Around this time last year, Sir Terence Etherton was beating the drum for before-the-event insurance.

In a LawWorks lecture, the master of the rolls suggested we should look to countries like Germany, where BTE is one of the main sources of litigation funding, for inspiration about how we can solve the problem of access to justice.

Etherton, who chairs the Civil Justice Council, set up a CJC working group to examine how more could be made of BTE. It published its findings last month in a very detailed and considered report []; but sadly no magic formula exists to suddenly convert BTE into the main source of funding for civil litigation.

So what exactly is BTE? In the UK, it is generally a cheap add-on to home or motor insurance, whereby the consumer pays around £15 to £25 for ‘legal expenses’ insurance to cover  legal costs if a claim arises, up to a limit of around £50,000. The consumer also gets free access to the insurer’s legal helpline.

The market is steadily growing. Amtrust, for example, identified BTE as a growth area in its 2016 financial results; while the CJC report notes an uptick in the purchase of BTE by small companies, which is encouraging. But we have nowhere near the same level of takeup as in Germany; and it is no coincidence that in Germany fixed costs are widespread.

One of the biggest stumbling blocks for BTE here is the uncertain costs environment. If insurers do not know what the costs bill will be, it is much harder to price the insurance premium. So a fixed-costs regime, in which costs will not only be lower, but also more certain and easier to predict, could potentially be a real boost to the BTE industry. Indeed, this was what lay behind Etherton’s optimism over the future blossoming of BTE; that its growth would be fed by fixed costs.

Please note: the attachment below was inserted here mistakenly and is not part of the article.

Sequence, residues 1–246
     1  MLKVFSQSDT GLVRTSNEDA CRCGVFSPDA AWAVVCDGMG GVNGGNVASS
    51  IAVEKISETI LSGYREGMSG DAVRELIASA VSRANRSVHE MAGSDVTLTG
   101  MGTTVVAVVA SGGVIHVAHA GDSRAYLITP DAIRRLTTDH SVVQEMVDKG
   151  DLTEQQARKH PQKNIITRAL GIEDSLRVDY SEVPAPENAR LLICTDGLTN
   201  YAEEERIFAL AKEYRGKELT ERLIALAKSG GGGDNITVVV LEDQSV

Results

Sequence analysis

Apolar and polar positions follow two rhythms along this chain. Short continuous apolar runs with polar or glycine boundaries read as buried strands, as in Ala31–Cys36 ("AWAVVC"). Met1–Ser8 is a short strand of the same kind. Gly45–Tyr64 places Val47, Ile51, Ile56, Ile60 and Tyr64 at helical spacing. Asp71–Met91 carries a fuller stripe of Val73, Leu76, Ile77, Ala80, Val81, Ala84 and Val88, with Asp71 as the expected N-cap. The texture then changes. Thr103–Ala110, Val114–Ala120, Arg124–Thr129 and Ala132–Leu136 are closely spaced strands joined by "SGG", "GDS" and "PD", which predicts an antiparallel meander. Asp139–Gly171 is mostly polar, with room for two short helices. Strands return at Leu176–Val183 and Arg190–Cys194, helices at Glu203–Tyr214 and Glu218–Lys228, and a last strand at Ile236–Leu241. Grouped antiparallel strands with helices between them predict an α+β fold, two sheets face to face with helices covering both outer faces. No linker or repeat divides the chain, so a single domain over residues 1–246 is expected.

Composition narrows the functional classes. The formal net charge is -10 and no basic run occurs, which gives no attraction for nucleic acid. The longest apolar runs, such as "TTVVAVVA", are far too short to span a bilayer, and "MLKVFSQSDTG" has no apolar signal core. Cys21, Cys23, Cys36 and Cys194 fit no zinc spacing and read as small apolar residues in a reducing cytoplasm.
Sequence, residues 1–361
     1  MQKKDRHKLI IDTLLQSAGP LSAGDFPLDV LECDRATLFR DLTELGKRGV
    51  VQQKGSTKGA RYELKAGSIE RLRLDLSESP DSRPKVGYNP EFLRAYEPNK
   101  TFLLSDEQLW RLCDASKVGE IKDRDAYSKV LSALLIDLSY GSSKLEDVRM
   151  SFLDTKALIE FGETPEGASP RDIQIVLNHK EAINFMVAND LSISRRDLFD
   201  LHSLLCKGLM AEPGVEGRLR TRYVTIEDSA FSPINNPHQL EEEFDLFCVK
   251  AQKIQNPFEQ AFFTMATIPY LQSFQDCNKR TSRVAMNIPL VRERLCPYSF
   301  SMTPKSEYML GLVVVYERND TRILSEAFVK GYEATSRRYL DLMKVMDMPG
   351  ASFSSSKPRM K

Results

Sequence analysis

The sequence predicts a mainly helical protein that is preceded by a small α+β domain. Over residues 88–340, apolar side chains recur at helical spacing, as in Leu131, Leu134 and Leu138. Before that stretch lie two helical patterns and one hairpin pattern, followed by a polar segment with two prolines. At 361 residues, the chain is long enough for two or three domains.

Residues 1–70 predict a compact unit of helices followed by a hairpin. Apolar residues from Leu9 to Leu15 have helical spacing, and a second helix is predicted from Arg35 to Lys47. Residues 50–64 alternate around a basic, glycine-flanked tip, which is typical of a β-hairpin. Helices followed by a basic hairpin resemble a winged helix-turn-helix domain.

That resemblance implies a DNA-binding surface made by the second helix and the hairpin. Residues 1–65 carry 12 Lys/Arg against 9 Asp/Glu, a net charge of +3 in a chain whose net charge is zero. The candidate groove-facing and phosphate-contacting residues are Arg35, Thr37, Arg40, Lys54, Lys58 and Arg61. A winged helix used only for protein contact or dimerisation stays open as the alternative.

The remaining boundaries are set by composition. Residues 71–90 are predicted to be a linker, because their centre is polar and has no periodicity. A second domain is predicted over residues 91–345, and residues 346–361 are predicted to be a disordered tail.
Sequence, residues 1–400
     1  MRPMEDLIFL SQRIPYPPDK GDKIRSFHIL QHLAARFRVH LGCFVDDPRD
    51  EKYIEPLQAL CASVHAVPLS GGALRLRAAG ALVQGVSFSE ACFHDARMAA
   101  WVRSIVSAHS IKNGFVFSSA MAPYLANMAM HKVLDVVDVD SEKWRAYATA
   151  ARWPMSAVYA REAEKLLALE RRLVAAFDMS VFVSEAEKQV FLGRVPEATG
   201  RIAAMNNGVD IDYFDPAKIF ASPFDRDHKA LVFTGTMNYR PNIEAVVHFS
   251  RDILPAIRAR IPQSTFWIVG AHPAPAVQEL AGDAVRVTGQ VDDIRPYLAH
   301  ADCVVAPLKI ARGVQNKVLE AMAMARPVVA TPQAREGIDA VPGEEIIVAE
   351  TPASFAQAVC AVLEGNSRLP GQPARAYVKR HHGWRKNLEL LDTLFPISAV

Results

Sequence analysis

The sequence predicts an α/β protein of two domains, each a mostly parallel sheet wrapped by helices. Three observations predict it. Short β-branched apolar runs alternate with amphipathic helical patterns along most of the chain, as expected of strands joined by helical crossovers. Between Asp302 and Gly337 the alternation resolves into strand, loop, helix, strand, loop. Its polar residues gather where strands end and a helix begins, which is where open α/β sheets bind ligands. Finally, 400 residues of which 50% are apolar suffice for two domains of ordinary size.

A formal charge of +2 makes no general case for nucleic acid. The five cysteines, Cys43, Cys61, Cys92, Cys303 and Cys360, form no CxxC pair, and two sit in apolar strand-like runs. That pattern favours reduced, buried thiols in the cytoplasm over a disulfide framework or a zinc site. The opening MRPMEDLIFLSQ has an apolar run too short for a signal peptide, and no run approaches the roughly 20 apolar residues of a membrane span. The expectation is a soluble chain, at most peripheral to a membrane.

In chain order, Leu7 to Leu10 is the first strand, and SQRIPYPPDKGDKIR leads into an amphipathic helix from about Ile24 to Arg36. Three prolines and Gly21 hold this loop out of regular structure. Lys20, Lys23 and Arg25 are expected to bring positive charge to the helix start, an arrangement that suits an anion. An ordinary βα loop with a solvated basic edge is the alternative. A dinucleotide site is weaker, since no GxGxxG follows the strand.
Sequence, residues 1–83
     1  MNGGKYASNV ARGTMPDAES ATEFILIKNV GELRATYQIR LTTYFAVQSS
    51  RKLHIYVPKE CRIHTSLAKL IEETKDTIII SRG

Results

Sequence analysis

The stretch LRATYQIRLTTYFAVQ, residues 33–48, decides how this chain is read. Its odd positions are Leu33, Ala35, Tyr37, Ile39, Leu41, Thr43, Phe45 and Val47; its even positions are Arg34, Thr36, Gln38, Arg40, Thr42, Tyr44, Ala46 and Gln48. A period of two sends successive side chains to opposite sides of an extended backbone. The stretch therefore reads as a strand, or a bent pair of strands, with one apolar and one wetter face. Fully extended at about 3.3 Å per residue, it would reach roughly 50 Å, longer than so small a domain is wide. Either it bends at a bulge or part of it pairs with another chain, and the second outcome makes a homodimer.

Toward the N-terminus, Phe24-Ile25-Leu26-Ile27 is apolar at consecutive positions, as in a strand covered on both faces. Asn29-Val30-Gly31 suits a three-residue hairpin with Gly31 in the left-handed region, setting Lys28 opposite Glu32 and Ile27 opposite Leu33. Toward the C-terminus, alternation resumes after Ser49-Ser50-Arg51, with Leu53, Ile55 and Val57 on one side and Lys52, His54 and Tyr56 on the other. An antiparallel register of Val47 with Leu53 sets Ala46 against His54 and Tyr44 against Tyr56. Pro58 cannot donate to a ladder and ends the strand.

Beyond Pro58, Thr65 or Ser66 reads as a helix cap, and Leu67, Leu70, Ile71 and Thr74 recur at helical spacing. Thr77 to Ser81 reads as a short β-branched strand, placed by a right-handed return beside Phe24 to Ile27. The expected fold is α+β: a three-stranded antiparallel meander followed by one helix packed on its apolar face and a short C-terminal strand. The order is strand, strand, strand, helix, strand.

But will fixed costs really be the making of BTE? Insurers on the CJC working group thought it would have a positive impact, reducing the cost of premiums, or perhaps leading to a hike in the level of cover. But others were sceptical that fixed costs would have any effect on pricing, pointing out that the price of BTE includes the cost of operating the legal helplines, which would be unaffected by fixed costs; and employment claims, which form a significant proportion of the claims made, would be unaffected.

Even if fixed costs did bring down the price of BTE, there is another major difference with Germany which is probably the biggest problem that BTE faces in the UK. In Germany, consumers are used to buying a standalone insurance product to cover litigation expenses. But we do not have the same culture here. Consumers might click to add legal expenses on to their home or motor insurance, but they would never buy it separately.

That means BTE simply does not reach the people who arguably need it most; those who cannot afford a car, and who do not own a home. In days gone by they would once have been covered by legal aid, and many still assume that the state would pick up the tab; but by the time they discover otherwise, it is too late.

Rachel Rothwell is editor of Litigation Funding magazine